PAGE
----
Sara is reading Meet Kirsten, from the American Girl Collection series, and her playtime ventures off from Michael's scientific re-enactments to historic re-enactments of the era surrounding Kirsten's life during the mid-1850s. Sometimes Michael plays along, or he may turn to the cardboard model of Gettysburg that he's been working on in his bedroom.

Meanwhile, Sara's interest may move on to feeding the birds in the backyard and taking pictures of them for her "bird and butterfly" photo album. She's trying to include pictures of as many different types of birds and butterflies as possible. She also loves painting with watercolors, and she often paints pictures of the birds and butterflies that she has photographed.

Later in the day, the kids sprawl on the floor to play the Take-Off Geography game, keeping the globe and a map of the world nearby. They often consult the encyclopedia on different areas of the world and read about the people in those regions. This soon leads to reading various other entries in the encyclopedia on whatever topics capture their interest.


A Typical Unschooled Evening

As Sara and Michael help with afternoon chores and dinner preparation, they talk with Karen about the things they did or read that day. Over dinner, the entire family discusses their day, as the kids share their daily experiences with their father. This further reinforces the discoveries they made that day and the knowledge they gained.

The evenings are spent similar to the way they spent their day -- working on activities, reading, playing games, doing artwork, spending time outdoors, playing the keyboard, and finishing chores. Karen has asked both children to keep a journal of their daily activities, and most evenings Michael is at the computer, typing about his day, while Sara sits at the dining table, writing about her day.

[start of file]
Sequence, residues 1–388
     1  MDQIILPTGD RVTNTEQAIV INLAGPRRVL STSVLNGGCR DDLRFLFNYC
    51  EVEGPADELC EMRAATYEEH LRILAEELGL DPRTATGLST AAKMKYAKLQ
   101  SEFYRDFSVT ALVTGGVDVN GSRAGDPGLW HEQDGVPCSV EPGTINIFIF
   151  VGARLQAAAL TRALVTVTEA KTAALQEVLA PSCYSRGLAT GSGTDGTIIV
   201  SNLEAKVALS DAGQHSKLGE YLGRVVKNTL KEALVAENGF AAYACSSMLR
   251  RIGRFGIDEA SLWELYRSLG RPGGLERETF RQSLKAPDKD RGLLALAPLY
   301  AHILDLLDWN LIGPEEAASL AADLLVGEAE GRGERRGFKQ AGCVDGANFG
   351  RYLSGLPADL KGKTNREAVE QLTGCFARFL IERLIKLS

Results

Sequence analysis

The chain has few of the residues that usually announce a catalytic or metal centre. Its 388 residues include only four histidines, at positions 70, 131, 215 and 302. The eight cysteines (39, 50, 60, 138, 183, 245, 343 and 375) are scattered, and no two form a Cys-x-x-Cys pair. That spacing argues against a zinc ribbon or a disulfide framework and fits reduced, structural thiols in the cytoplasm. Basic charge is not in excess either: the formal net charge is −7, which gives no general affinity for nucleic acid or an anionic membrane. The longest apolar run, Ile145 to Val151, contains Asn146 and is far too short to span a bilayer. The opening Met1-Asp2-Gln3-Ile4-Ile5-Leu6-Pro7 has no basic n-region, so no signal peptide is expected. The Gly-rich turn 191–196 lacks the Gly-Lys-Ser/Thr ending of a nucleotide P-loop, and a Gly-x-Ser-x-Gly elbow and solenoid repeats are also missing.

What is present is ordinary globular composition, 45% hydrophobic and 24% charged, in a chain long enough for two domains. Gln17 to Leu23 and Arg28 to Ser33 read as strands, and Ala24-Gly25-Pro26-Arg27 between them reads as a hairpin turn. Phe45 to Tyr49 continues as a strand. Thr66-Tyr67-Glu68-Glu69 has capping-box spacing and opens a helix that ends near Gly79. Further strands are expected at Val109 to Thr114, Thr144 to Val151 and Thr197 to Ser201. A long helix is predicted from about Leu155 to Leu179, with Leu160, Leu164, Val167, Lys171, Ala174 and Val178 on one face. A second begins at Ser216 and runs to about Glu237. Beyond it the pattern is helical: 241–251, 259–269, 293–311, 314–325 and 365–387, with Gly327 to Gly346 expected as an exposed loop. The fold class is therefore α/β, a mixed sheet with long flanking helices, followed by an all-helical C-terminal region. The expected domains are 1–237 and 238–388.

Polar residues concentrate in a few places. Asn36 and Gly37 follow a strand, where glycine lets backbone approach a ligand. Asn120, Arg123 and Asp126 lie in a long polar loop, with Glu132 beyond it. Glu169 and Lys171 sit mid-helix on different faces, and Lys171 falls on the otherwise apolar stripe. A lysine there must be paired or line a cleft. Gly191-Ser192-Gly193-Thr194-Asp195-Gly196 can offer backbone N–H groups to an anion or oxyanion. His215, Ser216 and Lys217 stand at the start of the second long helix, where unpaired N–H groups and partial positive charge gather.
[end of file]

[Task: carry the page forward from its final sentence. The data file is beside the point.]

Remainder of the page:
Each night, Karen reads aloud from a library book, often a classic or current bestseller. On this night, it's Treasure Island. The television is turned off, the kids are curled on the sofa on either side of Karen, and Michael doodles on a notepad, sketching pirates, treasure chests, and maps marked with an X, as he listens to the story. Dad looks through the day's newspaper, but the kids know he's also enjoying the story being read aloud.

Karen admits that each day is somewhat different, yet each tends to follow a pattern of sorts -- the kids do their chores; work on projects and science experiments; play outdoors and re-enact events they've read or learned about; spend time on artwork and music; play games together; read books, magazines, and even encyclopedias; and write each day.

A few times a week, they work on math skills and refresh their memories about adverbs and adjectives, building upon knowledge learned in previous weeks. And several times a week, they visit the library, attend music classes and gymnastics, run errands, and spend time with friends and family.

This is one family's style of "unschooling" -- a style that works for them. The kids stay busy and interested in learning, the parents supervise their daily learning, and the family discusses the learning that takes place every day. In this way, the parents stay closely in touch with the children's progress and educational activities, and the children learn each day in an easy-going, natural way.


Send your examples of "Typical Unschooling Days" and we will feature them here! If your children would like to describe their unschool days, that's great, too!